In Intelligent Bio-Systems, Inc., v, Illumina Cambridge Ltd., [2015-1693] (May 9, 2016), the Federal Circuit affirmed the PTAB’s Final Written decision that the challenged claims of U.S. Patent No. 7,566,537, directed to a method of labeling nucleotides in DNA strand, was not shown to be obvious.
The presence or absence of a motivation to combine references in an obviousness determination and the presence or absence of a reasonable expectation of success are questions of fact reviewed for substantial evidence. With respect to the expectation of success, the Federal Circuit found that the Board got it wrong, by failing to consider the appropriate scope of the claim. The Federal Circuit noted that the Board seemed to believe that the “reasonable expectation of success” inquiry looked to whether one would reasonably expect the prior art references to operate as those references intended once combined. The Court said that is not the correct inquiry—one must have motivation to combine accompanied by a reasonable expectation of achieving what is claimed in the patent-at-issue.
While the Board conflated two different legal concepts—reasonable expectation of success and motivation to combine—it nevertheless made sufficient factual findings to support its judgment that the claims at issue are not invalid. Petitioner had the burden to show that a skilled artisan would have been motivated to combine the teachings of the prior art references to achieve the claimed invention. However, petitioner’s argument for obviousness was that it would have been obvious to combine the references to in order to improve the efficiency, reliability, and robustness of the sequencing by synthesis method taught in the primary reference, which required quantitative deblocking. So even though quantitative deblocking was not a requirement of the claims, it was a requirement of Petitioner’ stated reason for the combination, and the “central” to a motivation to combine. Not only did the Petition fail to provide a specific or credible explanation why an ordinary artisan would have combined the references, the patent owner provided substantial evidence to support a finding that a person of ordinary skill would not have had reason to combine the references. These references support a conclusion that the claimed efficiency that allegedly motivated the combination would not be achieved and that a person of ordinary skill in this field would not have been motivated to combine the references.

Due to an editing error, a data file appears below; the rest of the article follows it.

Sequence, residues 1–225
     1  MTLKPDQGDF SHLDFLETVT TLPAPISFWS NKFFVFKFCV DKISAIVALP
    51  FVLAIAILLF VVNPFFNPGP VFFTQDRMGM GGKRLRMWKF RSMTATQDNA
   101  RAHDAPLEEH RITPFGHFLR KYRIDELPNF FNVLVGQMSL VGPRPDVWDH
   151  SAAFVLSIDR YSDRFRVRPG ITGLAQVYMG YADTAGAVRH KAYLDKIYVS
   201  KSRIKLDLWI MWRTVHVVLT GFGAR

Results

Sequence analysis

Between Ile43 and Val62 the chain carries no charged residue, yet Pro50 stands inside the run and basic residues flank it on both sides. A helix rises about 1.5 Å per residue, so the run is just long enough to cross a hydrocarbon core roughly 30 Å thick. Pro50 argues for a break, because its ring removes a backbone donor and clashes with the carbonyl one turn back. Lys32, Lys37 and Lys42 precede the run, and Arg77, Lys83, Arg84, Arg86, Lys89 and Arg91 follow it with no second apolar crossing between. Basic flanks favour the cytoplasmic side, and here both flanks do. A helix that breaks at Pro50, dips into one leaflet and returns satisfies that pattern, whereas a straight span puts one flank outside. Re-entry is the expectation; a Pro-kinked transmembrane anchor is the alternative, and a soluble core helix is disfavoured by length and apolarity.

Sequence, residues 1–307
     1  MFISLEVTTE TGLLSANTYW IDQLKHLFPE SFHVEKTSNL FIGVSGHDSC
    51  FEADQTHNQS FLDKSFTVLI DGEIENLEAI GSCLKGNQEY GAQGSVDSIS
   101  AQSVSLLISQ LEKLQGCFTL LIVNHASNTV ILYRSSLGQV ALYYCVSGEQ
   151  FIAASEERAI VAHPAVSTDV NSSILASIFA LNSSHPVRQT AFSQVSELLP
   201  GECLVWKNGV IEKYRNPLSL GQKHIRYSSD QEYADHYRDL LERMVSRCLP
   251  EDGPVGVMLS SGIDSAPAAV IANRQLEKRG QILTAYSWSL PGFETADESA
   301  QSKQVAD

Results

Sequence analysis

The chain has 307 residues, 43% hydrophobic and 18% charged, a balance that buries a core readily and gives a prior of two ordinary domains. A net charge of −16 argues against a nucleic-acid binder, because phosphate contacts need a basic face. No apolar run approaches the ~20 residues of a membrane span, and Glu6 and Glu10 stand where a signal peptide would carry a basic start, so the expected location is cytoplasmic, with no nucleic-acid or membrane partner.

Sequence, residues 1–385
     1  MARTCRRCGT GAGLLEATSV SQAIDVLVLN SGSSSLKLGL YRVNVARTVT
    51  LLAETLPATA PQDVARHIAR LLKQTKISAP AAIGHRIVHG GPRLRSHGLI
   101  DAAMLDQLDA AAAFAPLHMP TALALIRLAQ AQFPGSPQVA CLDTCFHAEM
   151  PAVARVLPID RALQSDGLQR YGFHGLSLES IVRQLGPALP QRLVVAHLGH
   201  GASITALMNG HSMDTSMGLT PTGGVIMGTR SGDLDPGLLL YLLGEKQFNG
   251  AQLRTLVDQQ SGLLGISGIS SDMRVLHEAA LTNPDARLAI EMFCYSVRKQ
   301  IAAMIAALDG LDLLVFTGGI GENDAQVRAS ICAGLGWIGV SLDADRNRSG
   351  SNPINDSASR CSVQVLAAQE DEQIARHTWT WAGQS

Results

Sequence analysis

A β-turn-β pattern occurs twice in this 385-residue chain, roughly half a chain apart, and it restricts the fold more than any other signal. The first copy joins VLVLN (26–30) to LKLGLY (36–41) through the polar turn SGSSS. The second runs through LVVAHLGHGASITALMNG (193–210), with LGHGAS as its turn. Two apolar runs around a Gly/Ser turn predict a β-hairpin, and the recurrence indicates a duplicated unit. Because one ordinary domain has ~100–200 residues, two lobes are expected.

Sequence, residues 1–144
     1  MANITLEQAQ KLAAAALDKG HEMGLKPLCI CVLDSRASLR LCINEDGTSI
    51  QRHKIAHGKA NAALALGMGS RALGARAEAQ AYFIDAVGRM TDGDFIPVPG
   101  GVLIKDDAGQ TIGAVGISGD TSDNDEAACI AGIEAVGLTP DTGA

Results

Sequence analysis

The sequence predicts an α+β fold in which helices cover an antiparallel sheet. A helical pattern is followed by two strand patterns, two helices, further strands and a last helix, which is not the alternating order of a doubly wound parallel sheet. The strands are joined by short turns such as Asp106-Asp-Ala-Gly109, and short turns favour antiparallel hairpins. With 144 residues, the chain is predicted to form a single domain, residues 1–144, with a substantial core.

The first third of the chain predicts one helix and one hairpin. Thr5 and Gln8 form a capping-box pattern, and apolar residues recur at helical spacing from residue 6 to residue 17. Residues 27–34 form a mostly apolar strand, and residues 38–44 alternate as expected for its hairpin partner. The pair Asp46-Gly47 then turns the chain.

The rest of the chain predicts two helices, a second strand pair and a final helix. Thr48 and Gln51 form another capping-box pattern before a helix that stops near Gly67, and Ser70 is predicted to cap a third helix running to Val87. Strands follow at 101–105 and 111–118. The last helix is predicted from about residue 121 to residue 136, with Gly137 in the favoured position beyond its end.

Of more significance, is the Federal Circuit’s treatment of Petitioner’s improper reply brief. The Federal Circuit noted that the Board’s determinations whether petitioner exceeded the scope of a proper reply in violation of 37 C.F.R. § 42.23(b) and/or improperly incorporated arguments by reference from another document in violation of 37 C.F.R. § 42.6(a)(3) are reviewed for an abuse of discretion.
The Federal Circuit said that it is of the utmost importance that petitioners in IPR proceedings adhere to the requirement that the initial petition identify “with particularity” the “evidence that supports the grounds for the challenge to each claim.” 35 U.S.C. § 312(a)(3). The Court said that all arguments for the relief requested in a motion must be made in the motion, and a reply may only respond to arguments raised in the
corresponding opposition or patent owner response.” 37 C.F.R. § 42.23(b). Once the Where this rule is violated, neither the Federal Circuit not the PTAB will parse the reply brief to determine which, if any, parts of that brief are responsive and which are
The Federal Circuit observed that unlike district court litigation—where parties have greater freedom to revise and develop their arguments over time and in response to newly discovered material—the expedited nature of IPRs bring with it an obligation for petitioners to make their case in their petition to institute. The Federal Circuit agreed that new grounds were presented in Petitioner’s reply, and that the Board did not err in refusing the reply brief as improper under 37 C.F.R. § 42.23(b). Having concluded the Reply was improper, the Federal Circuit did not reach the issues of whether the reply also impermissibly incorporated arguments by reference.